Wednesday, November 5, 2014

Tom Chang, Tongue & Groove

As always, New York serves as a potent breeding ground for new improvisational music, jazz if you will. Guitarist Tom Chang brings us a stirring example of the sort of combinations possible these days on his album Tongue & Groove (Raw Toast). He takes his own formidable compositional and guitar-wielding skills and forms around it a band of some heavy players. Chang brings in a potent one-two-punch reed section in Greg Ward on alto and Jason Rigby on tenor. He picks a rhythm section of equal weight in Chris Lightcap on bass and Gerald Cleaver on drums. Then he adds the world music influence of Akshay Anatapadmanabhan on kanjira and mridangam (South Asian hand drums), and Subash Chandran on konnakol (Indian rhythmic vocal syllabification).

The compositions are inventive, modern, freely articulated straight-eight swinging affairs that give good room for the improvisations and set up loose grooves that lope along with heat and torque.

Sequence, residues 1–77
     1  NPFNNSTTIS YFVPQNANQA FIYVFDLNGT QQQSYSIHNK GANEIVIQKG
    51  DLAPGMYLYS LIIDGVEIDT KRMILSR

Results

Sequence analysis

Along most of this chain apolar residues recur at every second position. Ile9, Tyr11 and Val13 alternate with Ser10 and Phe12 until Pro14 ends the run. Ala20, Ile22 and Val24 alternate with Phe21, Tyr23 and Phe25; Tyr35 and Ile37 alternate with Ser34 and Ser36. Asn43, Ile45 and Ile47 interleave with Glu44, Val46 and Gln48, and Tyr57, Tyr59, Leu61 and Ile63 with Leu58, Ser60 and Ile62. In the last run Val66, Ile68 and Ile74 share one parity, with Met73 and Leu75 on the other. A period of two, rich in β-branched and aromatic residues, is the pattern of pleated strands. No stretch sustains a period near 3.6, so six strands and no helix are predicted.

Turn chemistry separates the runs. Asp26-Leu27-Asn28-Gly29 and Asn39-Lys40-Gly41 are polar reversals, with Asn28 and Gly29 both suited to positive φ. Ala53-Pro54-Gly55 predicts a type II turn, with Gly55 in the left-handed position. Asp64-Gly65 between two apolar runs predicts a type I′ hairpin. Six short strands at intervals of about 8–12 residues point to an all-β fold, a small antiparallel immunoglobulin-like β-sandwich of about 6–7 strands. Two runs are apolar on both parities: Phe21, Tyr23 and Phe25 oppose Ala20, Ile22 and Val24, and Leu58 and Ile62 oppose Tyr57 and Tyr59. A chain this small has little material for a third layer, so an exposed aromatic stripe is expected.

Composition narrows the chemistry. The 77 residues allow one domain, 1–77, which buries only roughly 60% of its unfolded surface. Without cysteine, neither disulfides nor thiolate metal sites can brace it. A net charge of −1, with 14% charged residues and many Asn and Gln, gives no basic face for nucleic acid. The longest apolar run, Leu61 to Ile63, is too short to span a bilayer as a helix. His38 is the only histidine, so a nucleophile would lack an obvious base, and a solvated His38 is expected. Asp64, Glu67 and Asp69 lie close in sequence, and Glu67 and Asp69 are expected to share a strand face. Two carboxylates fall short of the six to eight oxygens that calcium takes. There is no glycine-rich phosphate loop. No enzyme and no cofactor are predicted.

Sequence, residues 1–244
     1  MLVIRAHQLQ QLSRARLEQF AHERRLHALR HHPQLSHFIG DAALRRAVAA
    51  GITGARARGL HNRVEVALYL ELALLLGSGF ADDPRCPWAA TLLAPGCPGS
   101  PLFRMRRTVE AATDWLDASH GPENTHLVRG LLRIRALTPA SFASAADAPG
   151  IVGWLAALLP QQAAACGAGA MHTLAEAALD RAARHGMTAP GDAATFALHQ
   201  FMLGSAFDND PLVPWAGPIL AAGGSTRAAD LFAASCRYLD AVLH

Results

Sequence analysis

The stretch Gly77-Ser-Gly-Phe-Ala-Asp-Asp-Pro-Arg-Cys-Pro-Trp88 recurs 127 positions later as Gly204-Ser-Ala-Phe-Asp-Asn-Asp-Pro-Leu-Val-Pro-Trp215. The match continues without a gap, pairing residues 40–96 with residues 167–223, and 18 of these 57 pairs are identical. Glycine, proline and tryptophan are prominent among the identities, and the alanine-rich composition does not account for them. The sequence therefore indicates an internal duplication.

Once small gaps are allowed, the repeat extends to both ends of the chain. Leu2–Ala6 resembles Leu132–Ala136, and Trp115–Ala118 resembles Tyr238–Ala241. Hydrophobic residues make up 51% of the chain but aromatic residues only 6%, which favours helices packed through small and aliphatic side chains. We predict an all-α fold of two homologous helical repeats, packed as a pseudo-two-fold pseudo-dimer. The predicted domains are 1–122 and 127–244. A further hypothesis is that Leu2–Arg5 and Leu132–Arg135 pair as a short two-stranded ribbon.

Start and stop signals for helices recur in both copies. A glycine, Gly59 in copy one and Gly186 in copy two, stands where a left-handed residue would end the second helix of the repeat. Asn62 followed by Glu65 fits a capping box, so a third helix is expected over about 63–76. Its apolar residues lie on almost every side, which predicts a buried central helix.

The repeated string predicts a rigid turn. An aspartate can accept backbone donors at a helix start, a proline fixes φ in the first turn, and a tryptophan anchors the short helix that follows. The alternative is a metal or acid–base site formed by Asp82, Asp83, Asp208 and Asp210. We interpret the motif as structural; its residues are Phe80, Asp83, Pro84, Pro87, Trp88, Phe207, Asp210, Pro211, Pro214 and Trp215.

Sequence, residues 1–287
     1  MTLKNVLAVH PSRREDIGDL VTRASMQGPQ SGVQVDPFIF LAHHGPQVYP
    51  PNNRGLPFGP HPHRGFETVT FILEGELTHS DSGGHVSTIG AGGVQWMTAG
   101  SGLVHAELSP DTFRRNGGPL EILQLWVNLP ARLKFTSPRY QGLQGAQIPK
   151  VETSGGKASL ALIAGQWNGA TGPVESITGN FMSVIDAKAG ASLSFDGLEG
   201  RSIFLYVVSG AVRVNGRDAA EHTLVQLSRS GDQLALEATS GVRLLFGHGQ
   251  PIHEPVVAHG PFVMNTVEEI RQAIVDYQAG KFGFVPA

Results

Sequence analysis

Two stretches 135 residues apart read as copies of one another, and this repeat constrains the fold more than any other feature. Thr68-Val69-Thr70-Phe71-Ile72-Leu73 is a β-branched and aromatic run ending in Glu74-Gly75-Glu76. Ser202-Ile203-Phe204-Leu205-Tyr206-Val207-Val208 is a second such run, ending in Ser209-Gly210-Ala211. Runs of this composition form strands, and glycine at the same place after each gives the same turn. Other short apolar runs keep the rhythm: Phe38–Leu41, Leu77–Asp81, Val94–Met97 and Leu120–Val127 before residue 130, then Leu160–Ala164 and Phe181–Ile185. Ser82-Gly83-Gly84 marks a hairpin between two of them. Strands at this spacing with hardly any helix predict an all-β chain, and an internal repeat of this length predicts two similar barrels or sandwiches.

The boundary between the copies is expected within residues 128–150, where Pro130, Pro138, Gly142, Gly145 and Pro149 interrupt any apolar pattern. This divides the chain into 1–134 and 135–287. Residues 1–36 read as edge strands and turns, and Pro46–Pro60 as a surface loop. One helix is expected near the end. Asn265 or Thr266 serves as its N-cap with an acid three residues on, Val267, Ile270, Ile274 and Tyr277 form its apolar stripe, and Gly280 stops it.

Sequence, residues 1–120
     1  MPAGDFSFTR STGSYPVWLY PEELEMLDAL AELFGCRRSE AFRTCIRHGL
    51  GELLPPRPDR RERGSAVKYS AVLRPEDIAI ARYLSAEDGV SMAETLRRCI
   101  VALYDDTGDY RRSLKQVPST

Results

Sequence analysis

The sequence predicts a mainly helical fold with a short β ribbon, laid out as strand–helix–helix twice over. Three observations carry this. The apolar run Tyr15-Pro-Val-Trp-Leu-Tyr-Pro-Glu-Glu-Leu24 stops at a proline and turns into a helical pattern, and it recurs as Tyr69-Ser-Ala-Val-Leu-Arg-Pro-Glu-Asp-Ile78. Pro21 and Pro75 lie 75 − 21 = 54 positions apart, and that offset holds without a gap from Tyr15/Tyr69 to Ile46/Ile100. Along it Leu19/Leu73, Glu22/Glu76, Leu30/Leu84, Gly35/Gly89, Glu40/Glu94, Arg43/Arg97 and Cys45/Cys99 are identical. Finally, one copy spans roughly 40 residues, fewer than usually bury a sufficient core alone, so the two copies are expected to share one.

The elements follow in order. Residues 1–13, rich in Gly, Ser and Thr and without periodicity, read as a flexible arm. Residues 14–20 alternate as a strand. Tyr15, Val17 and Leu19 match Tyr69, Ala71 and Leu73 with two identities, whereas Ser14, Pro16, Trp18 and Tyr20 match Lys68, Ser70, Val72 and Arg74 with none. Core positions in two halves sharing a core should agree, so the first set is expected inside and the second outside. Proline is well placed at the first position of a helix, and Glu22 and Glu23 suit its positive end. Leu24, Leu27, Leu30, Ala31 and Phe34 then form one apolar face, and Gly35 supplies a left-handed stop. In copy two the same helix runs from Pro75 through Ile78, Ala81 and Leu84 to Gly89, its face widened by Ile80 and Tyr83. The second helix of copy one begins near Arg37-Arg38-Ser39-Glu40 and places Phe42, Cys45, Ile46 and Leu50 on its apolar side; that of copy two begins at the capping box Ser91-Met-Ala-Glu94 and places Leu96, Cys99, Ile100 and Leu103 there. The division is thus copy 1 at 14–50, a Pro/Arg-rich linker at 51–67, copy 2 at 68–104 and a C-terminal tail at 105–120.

The South Asian percussion contingent adds another dimension when present, but it all fits together as a modern, unified mostly post-rock-funk kind of open jazz. Everybody sounds great and Tom Chang shows how his guitar work synthesizes in its own way the advances that a rather electric guitar approach have made over the past decades. He wastes no notes and says much in compact solo spaces. That is true too of the reeds.

It's music of today, fused, open and complicated by nice twists and turns.

Very recommended.

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